Working with Subject Matter Experts (SME’s) by Dr. Kathy Iverson
Working with SME’s? Watch out for their blind spots.
Did you know that we all have a retinal blind spot? It’s where the axons that make up the retinal nerve exit the eye. There are no visual receptors in this small area. Take the “blind spot test” to see how it works. First, look at the two orange dots below. Then close or cover one eye and turn your head slowly and look over your shoulder and then slowly bring your head back to a forward position. Did you see one dot disappear and then reappear? If so, you found your blind spot.
Expert blind spots (EBS) are not as easy to see. Those who have highly developed knowledge of a specific area tend to find it difficult to understand the learning needs of novices (Nathan, Koedinger, and Alibali 2001). Research has shown that knowledge and pedagogy are, in fact, two different domains—meaning that just because someone is expert in a field of study, this doesn’t mean that she can teach it to newbies. So what causes this blind spot? Some believe it is our tendency to underestimate the difficulty of a task that we know well. The old, “aw, you can do it—it’s easy” principle that we’ve all experienced at one time or another when we are coached by an expert whether on the baseball field or when learning a new piece of software.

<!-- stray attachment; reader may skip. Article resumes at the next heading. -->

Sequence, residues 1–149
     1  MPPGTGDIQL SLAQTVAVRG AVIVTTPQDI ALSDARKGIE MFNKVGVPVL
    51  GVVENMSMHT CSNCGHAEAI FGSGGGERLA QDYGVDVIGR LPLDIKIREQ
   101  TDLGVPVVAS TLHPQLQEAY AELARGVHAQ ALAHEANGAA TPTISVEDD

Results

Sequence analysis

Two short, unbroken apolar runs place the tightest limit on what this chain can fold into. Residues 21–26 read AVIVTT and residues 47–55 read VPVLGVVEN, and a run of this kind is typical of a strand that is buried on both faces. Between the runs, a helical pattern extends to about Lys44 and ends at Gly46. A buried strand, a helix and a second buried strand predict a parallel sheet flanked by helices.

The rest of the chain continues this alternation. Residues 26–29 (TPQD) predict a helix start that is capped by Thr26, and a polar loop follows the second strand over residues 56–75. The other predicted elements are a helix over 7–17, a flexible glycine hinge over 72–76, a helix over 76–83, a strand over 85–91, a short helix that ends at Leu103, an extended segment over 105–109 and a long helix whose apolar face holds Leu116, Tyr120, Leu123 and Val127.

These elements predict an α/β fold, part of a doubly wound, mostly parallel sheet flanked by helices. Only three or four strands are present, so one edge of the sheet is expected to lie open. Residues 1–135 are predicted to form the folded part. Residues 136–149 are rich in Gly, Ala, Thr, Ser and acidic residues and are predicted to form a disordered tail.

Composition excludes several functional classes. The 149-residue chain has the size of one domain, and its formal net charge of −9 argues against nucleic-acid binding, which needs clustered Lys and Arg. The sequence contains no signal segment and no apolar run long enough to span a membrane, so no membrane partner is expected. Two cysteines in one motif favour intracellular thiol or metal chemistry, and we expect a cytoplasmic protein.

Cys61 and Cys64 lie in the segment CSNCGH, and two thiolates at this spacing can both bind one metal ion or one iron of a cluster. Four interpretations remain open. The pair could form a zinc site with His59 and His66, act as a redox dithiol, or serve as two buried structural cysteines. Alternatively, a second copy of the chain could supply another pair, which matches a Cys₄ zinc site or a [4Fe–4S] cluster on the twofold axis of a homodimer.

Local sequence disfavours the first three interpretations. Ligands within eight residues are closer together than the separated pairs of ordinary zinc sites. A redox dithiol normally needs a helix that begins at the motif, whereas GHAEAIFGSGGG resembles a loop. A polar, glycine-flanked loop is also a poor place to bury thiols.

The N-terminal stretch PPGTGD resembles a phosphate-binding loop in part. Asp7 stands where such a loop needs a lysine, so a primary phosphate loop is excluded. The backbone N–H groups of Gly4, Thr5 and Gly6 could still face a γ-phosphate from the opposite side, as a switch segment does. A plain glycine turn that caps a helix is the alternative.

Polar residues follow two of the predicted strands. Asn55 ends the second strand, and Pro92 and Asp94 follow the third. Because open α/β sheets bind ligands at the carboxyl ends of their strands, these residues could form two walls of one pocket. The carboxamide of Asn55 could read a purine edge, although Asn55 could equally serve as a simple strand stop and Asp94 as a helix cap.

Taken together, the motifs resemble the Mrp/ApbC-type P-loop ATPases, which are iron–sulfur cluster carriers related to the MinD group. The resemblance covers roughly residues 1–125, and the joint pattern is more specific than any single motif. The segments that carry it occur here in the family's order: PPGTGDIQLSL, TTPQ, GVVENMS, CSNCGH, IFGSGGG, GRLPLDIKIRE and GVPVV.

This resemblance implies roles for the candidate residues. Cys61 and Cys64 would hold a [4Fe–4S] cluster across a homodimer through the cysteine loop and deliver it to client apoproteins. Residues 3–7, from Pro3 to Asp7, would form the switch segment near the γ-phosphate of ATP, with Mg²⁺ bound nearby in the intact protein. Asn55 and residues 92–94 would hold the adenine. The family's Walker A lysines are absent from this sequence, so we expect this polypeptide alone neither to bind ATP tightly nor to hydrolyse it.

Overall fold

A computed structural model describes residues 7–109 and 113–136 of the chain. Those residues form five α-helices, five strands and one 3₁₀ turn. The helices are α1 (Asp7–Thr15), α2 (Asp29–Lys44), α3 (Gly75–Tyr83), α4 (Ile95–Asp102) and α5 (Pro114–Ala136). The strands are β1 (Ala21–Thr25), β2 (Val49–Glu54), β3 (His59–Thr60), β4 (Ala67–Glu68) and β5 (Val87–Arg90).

In training, we often rely on SME’s or subject matter experts as resources during the analysis and development phases. Early on in the analysis phase, SME’s can provide valuable insight by identifying training needs, and during the design process, they define the knowledge, skills, and abilities required for task performance.
As we rely on experts to help us in instruction, we must also be aware of their potential “blind spots” in translating expertise into instruction. Here are some strategies to minimize expert blind spots:
Rely on your knowledge of learning theory and understanding of learner needs when designing training.
Know that experts can provide valuable information about content but may not give you the best advice about how to teach it to novices.
If you must have non-instructional experts teach others what they know to be sure to incorporate a “train the trainer” component to develop your experts’ pedagogical skill.
Have you experienced this phenomenon either in your personal or professional life?
What additional strategies can you think of to manage the “expert blind spot” phenomenon when designing or delivering instruction?
For more on research in expert blind spots, see http://aer.sagepub.com/content/40/4/905.abstract